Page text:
What do you consider comfort food?

Chocolate. Preferably Cadbury’s pretzels & peanut butter chocolate bar. Yum. Also on the comfort food list are hummus and pita, and chicken soup.

Prior to marriage, did you have a “list” of qualities you wanted in a spouse? If so, how close was your list to reality?

I’m sure I had a list running in my mind. I wanted a man with a beautiful voice, who would sing to me. I wanted someone who loved being outdoors. Someone who knew that chivalry wasn’t dead – who would open doors for me, etc. I wanted someone gregarious and optimistic. And who did I marry? I call him “Tall, Dark, and Broody.” He doesn’t really sing. He’s practically a vampire – feels no drive whatsoever to go outside. I trained him in the art of chivalry. Gregarious and optimistic? Hmmm… he’s a charismatic skeptic. He’s my perfect other half, and I’m crazy in love with him.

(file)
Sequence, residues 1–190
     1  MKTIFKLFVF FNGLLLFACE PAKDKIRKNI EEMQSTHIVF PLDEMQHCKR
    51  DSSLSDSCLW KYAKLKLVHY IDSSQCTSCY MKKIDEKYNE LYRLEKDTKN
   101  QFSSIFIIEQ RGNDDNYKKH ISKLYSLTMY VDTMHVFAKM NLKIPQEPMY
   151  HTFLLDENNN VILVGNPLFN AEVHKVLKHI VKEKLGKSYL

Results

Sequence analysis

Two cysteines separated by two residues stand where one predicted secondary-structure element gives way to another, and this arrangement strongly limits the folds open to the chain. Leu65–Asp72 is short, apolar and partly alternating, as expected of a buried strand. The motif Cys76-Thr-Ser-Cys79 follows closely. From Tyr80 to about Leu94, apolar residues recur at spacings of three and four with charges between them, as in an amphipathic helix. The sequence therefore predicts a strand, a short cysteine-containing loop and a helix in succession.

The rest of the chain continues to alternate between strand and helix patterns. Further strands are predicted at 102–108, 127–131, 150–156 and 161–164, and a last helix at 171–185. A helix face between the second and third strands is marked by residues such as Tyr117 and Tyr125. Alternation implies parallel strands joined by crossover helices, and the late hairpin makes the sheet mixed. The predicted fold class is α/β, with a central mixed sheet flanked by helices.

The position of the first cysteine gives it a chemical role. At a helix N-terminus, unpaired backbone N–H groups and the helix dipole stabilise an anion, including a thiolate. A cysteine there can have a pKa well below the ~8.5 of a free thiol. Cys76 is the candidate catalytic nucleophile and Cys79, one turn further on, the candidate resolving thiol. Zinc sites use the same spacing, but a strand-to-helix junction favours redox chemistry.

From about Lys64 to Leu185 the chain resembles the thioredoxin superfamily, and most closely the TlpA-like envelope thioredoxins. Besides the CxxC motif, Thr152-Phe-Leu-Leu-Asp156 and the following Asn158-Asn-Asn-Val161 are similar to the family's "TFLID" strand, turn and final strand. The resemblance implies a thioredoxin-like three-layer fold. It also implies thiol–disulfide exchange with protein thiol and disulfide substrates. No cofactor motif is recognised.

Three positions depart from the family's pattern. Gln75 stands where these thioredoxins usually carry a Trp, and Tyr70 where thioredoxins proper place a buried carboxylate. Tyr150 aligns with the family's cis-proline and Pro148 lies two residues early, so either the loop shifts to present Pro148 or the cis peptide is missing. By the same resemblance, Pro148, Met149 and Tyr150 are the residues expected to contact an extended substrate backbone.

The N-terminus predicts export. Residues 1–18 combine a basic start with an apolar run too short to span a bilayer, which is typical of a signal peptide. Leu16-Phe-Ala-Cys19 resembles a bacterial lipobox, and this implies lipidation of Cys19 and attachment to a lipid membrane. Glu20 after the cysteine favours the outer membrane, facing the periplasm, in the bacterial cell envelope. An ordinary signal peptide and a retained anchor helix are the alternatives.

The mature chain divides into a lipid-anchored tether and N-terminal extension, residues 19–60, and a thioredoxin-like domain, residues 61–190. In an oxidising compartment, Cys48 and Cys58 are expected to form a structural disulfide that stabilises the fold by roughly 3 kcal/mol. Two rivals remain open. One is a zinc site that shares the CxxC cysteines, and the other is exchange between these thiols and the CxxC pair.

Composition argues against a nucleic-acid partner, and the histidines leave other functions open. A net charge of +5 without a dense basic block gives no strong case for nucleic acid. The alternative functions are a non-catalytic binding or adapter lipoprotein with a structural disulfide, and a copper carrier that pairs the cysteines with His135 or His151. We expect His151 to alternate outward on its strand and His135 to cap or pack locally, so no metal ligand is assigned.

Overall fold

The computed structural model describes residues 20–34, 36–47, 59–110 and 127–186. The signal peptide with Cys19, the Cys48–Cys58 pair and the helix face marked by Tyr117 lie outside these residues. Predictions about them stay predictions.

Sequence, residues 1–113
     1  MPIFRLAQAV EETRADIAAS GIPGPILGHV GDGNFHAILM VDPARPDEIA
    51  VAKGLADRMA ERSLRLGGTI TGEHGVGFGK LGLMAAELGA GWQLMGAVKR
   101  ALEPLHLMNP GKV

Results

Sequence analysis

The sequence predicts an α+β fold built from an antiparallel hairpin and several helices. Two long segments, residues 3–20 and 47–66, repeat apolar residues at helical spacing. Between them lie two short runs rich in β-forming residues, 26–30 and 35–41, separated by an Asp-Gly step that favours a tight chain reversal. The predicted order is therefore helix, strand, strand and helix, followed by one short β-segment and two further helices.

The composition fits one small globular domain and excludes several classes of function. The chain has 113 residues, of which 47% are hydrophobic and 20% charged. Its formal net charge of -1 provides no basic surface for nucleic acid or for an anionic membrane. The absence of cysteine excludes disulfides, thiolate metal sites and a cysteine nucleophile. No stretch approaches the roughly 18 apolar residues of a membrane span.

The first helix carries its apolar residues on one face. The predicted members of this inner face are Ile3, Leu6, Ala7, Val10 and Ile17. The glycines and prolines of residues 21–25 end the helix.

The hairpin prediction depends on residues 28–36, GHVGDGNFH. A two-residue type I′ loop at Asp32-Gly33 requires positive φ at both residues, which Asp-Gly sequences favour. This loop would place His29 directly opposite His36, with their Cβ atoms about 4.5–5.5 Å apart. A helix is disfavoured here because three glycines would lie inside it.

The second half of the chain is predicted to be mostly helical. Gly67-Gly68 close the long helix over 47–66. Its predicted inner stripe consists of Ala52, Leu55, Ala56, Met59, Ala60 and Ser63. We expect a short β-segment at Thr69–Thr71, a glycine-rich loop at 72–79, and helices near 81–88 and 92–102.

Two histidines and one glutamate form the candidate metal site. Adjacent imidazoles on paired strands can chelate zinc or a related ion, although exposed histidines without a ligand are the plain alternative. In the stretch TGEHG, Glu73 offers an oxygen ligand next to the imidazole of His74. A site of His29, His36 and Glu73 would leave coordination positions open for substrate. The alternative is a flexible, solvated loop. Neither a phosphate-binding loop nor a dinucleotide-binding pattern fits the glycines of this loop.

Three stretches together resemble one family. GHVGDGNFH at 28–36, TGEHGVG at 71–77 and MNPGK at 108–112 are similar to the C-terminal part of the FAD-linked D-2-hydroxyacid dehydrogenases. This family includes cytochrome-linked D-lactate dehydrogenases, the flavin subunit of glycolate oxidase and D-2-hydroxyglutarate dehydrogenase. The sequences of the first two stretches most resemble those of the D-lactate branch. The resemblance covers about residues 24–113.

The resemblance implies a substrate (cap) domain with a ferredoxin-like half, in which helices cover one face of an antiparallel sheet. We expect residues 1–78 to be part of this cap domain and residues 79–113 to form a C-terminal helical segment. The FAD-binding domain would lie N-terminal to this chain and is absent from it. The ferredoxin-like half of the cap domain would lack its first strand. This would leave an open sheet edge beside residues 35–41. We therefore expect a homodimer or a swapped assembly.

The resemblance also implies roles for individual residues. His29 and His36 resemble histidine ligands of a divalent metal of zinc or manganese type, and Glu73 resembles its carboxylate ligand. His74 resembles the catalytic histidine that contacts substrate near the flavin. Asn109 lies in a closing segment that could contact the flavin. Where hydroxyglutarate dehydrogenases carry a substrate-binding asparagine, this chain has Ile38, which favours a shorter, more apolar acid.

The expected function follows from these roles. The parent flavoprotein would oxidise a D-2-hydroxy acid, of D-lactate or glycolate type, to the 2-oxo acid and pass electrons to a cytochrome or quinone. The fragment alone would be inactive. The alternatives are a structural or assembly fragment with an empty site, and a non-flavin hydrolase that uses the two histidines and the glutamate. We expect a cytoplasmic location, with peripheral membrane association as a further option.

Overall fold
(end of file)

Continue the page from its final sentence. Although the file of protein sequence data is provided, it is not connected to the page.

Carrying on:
If you could play any instrument, which one would it be?

I do play an instrument. No, I play five or six: voice (yes, it’s an instrument,) piano, guitar, viola, flute, drums. If I could choose another to learn magically? I wouldn’t… I’d just choose to become very, very good at guitar.

You won a free trip to anywhere you like. Where would you go?


Okay, now it’s my turn to ask the questions! Here goes…

1. What’s your passion in life?

2. Given the option, what time would be the “perfect” wake-up time for you?

3. What’s your favourite mode of transportation?

4. What do you think of The Simpsons?

5. If you were a food, what kind of food would you be?

6. What’s the biggest risk you’ve ever taken? Did it pay off?

7. If you didn’t have to work for a living, how would you spend your days?

8. What’s your favourite charity?

9. If you had two hours a day all to yourself with absolutely no other obligatons, how would you spend them?

10. What’s the best book you’ve read lately?

11. Why do you blog?

And now for the nominees…

Jennifer from Adventures in Mama-land
Lisaleh from Modern Balabusta
Miri from Here we are together
Andy from Fly, little words, fly!